Introduction to mHealth—focused issue on evidence-based eHealth adoption and application
Editorial

Introduction to mHealth—focused issue on evidence-based eHealth adoption and application

Shariq Khoja1, Hammad Durrani2

1Tech4Life Enterprises, Milton, ON, Canada; 2Aga Khan University, Karachi, Pakistan

Correspondence to: Shariq Khoja, MD, PhD. Tech4Life Enterprises, 4-555 Industrial Drive, L9T 5E1, Milton, ON, Canada. Email: shariq.khoja@tech4lifeenterprises.com.

Received: 11 June 2017; Accepted: 13 June 2017; Published: 26 July 2017.

doi: 10.21037/mhealth.2017.06.04


eHeath has played an important role in improving healthcare services in many developing and developed countries at reducing health disparities and improving health equity (1). These solutions have also been used to improve access to sources of knowledge for both patients and healthcare providers. The advancements in Electronic Health Records (EHR), Picture Archiving and Communication Systems (PACS), and Health Management Information System (HMIS) provide support to healthcare professionals and managers for better decision-making. Teleconsultations using live and store-and-forward technologies have improved access of people to specialized healthcare services in almost all the subspecialties (2). The use of Internet and hand-held devices has opened new avenues for health promotion. Most of this use is driven by reduction in Internet charges, high use of mobile phones and PDAs, and lowering of hardware cost (3). These enablers have led to high teledensity and a tremendous increase in connectivity. However, there is a need of highlighting evidence in the following areas:

  • Beneficial outcomes on health of individuals, communities and improvement of health systems: the biggest problem in the adoption of eHealth currently is the lack of evidence required to convince the decision makers about the health outcomes and impact of eHealth solutions compared to traditional methods of service provision (3). This problem also compounds due to evidence in the relevant environment, marked by lack of capacity and readiness for eHealth;
  • Lack of evidence to ensure benefits reach populations without adequate access to health services. While the access to mobile phones and internet is becoming ubiquitous, there is still lack of evidence on the use and benefits of eHealth in rural and remote areas of the world. Most solutions lack penetration due to technology requirements, language limitations, or health system requirements. It is therefore important to focus on technologies that can benefit populations living in remote areas by improving their access to health care services and information (4);
  • Lack of information on technologies/applications that are best suited to help prepare for or mitigate the effects of disasters, pandemics, and emerging and re-emerging diseases. Apart from the growing burden of illnesses, many countries have also suffered from natural disasters, such as tsunami and earthquakes, and new emerging diseases like Ebola, SARS and Avian Flu.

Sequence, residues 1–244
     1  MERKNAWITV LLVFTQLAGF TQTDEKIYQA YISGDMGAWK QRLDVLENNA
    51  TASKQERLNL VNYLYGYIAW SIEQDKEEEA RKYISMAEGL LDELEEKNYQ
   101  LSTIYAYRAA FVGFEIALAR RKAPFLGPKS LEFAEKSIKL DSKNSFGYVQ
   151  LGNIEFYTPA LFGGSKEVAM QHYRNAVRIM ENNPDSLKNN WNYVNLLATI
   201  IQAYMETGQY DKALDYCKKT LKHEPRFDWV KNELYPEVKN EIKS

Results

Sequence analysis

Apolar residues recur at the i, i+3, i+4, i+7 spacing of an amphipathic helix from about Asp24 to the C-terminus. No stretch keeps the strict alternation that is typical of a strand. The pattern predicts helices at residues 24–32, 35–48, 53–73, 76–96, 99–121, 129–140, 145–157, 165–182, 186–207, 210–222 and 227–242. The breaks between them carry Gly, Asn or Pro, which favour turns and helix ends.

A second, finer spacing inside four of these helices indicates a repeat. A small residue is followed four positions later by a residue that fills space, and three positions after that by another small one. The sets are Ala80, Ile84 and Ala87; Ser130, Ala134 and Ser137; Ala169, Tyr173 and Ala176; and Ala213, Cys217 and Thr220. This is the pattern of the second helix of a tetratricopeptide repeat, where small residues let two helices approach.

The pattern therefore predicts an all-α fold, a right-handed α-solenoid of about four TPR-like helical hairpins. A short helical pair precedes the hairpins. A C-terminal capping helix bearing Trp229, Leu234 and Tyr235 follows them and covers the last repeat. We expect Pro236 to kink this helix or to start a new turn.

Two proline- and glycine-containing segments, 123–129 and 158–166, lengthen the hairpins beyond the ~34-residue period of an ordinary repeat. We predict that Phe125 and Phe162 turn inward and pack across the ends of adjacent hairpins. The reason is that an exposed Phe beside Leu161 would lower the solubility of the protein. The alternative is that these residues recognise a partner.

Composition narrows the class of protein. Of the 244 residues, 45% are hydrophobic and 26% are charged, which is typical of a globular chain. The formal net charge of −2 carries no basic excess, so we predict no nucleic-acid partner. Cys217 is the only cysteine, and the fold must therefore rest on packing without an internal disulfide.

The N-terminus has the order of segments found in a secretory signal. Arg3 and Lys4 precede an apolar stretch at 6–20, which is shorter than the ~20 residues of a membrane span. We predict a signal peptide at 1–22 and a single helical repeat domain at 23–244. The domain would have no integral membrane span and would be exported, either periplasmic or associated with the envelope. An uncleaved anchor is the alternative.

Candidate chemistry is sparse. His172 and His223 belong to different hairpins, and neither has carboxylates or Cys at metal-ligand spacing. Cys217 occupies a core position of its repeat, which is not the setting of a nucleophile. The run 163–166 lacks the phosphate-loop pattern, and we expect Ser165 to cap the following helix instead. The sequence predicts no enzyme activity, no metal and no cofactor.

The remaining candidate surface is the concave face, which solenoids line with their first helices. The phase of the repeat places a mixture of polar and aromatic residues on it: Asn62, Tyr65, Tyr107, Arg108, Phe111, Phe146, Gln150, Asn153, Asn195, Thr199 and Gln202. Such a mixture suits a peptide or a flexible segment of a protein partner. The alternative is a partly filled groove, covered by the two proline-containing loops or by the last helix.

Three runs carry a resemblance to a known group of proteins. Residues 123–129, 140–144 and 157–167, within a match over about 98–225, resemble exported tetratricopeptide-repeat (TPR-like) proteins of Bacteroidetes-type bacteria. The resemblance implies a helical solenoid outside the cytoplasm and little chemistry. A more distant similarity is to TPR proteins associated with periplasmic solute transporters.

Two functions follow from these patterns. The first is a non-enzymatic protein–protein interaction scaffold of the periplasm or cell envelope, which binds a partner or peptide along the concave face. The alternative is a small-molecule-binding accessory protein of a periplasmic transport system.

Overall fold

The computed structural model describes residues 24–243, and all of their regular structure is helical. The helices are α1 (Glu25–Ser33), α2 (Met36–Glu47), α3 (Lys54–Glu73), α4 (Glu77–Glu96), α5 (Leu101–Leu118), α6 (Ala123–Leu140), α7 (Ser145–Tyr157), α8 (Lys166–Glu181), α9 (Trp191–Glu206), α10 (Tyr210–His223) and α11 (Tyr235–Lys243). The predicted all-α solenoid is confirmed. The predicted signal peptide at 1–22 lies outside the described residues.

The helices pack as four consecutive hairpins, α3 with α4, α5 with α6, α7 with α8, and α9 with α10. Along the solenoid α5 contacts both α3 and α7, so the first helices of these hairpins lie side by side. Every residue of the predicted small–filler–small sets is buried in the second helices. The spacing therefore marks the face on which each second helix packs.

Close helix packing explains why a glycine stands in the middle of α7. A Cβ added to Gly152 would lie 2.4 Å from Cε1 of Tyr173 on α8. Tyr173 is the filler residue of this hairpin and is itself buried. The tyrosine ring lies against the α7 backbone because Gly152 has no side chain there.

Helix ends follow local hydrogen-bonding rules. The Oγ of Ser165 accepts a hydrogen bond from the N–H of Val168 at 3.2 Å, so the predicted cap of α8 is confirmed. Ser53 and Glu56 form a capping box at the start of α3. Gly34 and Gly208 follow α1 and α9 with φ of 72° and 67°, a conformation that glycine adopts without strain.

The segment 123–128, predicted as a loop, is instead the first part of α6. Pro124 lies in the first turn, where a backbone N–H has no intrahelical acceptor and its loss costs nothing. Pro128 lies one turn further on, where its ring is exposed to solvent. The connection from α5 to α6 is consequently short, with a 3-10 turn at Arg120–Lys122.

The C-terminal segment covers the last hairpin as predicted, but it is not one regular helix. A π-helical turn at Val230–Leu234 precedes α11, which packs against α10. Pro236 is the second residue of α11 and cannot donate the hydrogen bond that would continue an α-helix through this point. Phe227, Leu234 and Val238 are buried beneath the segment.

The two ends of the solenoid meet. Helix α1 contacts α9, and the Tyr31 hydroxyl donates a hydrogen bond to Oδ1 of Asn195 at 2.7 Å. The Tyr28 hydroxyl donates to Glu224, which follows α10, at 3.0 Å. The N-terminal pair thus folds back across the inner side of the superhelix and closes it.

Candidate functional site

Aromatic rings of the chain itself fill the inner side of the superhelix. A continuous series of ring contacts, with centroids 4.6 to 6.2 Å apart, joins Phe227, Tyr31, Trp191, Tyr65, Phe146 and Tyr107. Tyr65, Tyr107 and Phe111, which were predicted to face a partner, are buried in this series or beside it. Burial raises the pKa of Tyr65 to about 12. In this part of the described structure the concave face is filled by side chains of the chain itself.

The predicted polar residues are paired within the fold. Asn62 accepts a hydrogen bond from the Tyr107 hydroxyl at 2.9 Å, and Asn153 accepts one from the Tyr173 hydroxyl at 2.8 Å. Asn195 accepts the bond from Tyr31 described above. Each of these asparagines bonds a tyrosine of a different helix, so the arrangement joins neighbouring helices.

These problems have shown that the current health systems in these countries are not sufficient to deal with such emergencies. It is therefore important to explore the benefits of using various eHealth technologies currently available to deal with such disasters and illnesses. Such evidence can also help adopt these technologies as part of regular services, and thus enhance chances of better response in case of such unforeseen situations in the future (5,6). Over the past decade the number of primary studies evaluating the practical implementation and integration of e- and mHealth systems has steadily grown.

The articles included in this focused issue highlight the use of innovative solutions in communities and health organizations in remote parts of the world. The articles demonstrate partnerships between health and technology related organizations to overcome barriers of literacy, bandwidth and relevance, thus improving adoption of these solutions with all types of users. The articles also provide evidence of improvement in health systems and the health of targeted populations.


Acknowledgements

None.


Footnote

Conflicts of Interest: The authors have no conflicts of interest to declare.


References

  1. James DC, Harville C 2nd, Sears C, et al. Participation of African Americans in e-Health and m-Health Studies: A Systematic Review. Telemed J E Health 2017;23:351-64. [Crossref] [PubMed]
  2. Piette JD, Lun KC, Moura LA Jr, et al. Impacts of e-health on the outcomes of care in low- and middle-income countries: where do we go from here? Bull World Health Organ 2012;90:365-72. [Crossref] [PubMed]
  3. Mair FS, May C, O’Donnell C, et al. Factors that promote or inhibit the implementation of e-health systems: an explanatory systematic review. Bull World Health Organ 2012;90:357-64. [Crossref] [PubMed]
  4. Lau F, Price M, Boyd J, et al. Impact of electronic medical record on physician practice in office settings: a systematic review. BMC Med Inform Decis Mak 2012;12:10. [Crossref] [PubMed]
  5. Srivastava S, Pant M, Abraham A, et al. The Technological Growth in eHealth Services. Comput Math Methods Med 2015;2015:894171. [Crossref] [PubMed]
  6. Saliba V, Legido-Quigley H, Hallik R, et al. Telemedicine across borders: a systematic review of factors that hinder or support implementation. Int J Med Inform 2012;81:793-809. [Crossref] [PubMed]
doi: 10.21037/mhealth.2017.06.04
Cite this article as: Khoja S, Durrani H. Introduction to mHealth—focused issue on evidence-based eHealth adoption and application. mHealth 2017;3:29.

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